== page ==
Attempting to build on the success of its inaugural running, the schedule for the 2018 Poker Masters events has been announced. As a part of the roster of tournaments, the 2018 Poker Masters will also bring to the poker audience a new version of poker – Short Deck Texas Hold’em – which will be one of the first times that it has been played in a tournament format in the States of America.

Got Money?

Poker Masters was the creation of the “powers that be” at Poker Central, a “made for television” event – or, in the vernacular of the 21st century, a “made for streaming” event – that was broadcast on PokerGO in 2017. Consisting of a series of poker tournaments with buy-ins of $10,000 or more, the inaugural Poker Masters also had a running leaderboard, with the reward of the purple “Poker Masters” jacket (along the lines of golf’s Masters and their green jacket) going to the player who won the most money on the schedule. With the tenet of “if it isn’t broke, don’t fix it” in their minds, officials with Poker Masters have put together a roster of events that continues this tradition.

The 2018 Poker Masters will kick off with a $10,000 No Limit Hold’em event on September 7, with the buy-ins going up from there. On September 8, there will be the first of two $25,000 Hold’em tournaments, while September 9 brings one of the more popular games, a $25,000 Pot Limit Omaha tournament. The second $25,000 No Limit Hold’em event comes on September 11, a $50,000 No Limit Hold’em tournament is scheduled for September 12, and the finale of the 2018 Poker Masters is September 13 with the $100,000 No Limit Hold’em tournament.

Plugged right in the middle will be a game that is the latest “rage” in poker. A $10,000 Short Deck Texas Hold’em is scheduled for September 10 and it will bring to the U. S. audience a new version of the “usual” game of Texas Hold’em. In Short Deck Hold’em, the deuces through fives are removed from the deck (hence “Short Deck”), but the game is played basically the same except for a few changes in the hand rankings. In Short Deck Hold’em, a royal flush, straight flush and quads are still the best, but a flush moves up ahead of a full house (due to the increased difficulty in making the hand) and three of a kind is a better hand than a straight.

The game is one that has come from the high stakes cash games in Macau, China, where it is actively played. Two players who have spent a great deal of time in those Macau games, Poker Hall of Famer Phil Ivey and Tom Dwan, have promoted the game extensively here in the States. This will mark the first time that Short Deck Texas Hold’em has gotten a featured spot on a major tournament schedule.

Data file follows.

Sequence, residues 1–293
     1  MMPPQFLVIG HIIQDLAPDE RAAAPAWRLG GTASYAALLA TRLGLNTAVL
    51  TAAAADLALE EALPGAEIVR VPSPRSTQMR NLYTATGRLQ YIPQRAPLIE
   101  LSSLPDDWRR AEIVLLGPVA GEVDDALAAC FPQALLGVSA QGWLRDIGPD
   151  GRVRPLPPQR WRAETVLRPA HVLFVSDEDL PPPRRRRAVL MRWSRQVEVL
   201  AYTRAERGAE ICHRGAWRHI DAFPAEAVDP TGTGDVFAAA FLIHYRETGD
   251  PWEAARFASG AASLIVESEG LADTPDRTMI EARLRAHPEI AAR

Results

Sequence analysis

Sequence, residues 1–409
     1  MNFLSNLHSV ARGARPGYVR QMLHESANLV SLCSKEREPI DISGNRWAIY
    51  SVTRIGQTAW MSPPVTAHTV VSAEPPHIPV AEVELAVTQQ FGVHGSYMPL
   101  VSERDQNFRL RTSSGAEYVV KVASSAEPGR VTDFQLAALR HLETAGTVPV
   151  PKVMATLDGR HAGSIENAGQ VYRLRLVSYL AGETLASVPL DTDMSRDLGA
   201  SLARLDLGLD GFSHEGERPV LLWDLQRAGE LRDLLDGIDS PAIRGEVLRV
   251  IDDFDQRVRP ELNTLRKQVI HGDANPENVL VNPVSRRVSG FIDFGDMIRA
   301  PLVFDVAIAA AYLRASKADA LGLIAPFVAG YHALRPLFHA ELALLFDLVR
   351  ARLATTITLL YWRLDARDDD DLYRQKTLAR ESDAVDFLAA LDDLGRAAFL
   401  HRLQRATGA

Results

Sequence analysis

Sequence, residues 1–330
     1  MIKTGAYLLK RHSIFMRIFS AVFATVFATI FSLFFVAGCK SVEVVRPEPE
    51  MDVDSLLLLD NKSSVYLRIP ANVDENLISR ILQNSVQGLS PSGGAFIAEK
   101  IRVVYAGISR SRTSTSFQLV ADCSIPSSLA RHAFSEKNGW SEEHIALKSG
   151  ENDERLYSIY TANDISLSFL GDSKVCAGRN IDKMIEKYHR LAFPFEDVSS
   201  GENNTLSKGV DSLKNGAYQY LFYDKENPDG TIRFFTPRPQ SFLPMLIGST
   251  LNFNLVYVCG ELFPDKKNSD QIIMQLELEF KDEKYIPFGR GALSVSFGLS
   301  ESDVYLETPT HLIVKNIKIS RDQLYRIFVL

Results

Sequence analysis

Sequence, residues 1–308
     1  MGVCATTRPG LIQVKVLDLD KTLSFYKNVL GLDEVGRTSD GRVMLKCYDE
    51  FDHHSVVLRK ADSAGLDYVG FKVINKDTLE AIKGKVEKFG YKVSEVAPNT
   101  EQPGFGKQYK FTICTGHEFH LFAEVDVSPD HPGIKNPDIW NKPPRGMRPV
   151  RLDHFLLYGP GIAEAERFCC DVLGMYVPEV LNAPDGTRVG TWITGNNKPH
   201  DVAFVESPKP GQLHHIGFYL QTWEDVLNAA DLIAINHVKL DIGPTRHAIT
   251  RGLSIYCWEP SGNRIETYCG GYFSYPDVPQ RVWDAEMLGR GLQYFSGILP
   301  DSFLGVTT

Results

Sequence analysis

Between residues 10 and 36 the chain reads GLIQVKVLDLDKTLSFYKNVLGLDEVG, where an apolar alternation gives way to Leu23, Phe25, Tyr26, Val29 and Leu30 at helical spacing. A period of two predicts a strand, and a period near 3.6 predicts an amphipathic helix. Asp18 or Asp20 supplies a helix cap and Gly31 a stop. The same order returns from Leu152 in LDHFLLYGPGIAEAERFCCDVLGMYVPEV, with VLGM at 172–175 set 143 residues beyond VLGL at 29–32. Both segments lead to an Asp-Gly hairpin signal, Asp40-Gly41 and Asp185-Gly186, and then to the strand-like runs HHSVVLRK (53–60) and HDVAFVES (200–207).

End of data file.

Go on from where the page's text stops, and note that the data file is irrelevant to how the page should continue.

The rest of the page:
Who’s Going to Be There?

It is expected that the inaugural champion of Poker Masters, Germany’s Steffen Sontheimer, will be back and attempt to keep his purple Poker Masters jacket all to himself. It is also known that Justin Bonomo, who has basically made the “High Roller” events his personal playground in 2018, will be making his return to tournament poker during this schedule. But who are some of the other suspects who will show up for the 2018 Poker Masters event?

With the Short Deck tournament on the schedule, Ivey is someone who might make an appearance during the schedule. The various Player of the Year races present other men who might be stepping up to take part, including current POY leader Stephen Chidwick, Jake Schindler, Jason Koon, Adrian Mateos, former Super High Roller Bowl champion Rainer Kempe, Nick Petrangelo. There could be some others down the POY roster who might look at the event as a chance to climb, including David Peters, Anthony Zinno and Cary Katz.

What about the ladies? The high roller poker world isn’t populated with many women to begin with – businesswoman/poker player Kathy Lehne plays on occasion but is not a frequent competitor – and to expect any to come out for this tournament would be a surprise.

It All Starts September 7

If you’re interested in watching the 2018 Poker Masters unfold live, you’ll have to have PokerGO and stream it through that outlet. PokerGO costs $10 per month and can be accessed through any streaming device (Roku, Amazon Fire, etc.). If you’d rather save the $10, it could also appear later this year on the NBC Sports Network, where the inaugural event has been shown frequently.

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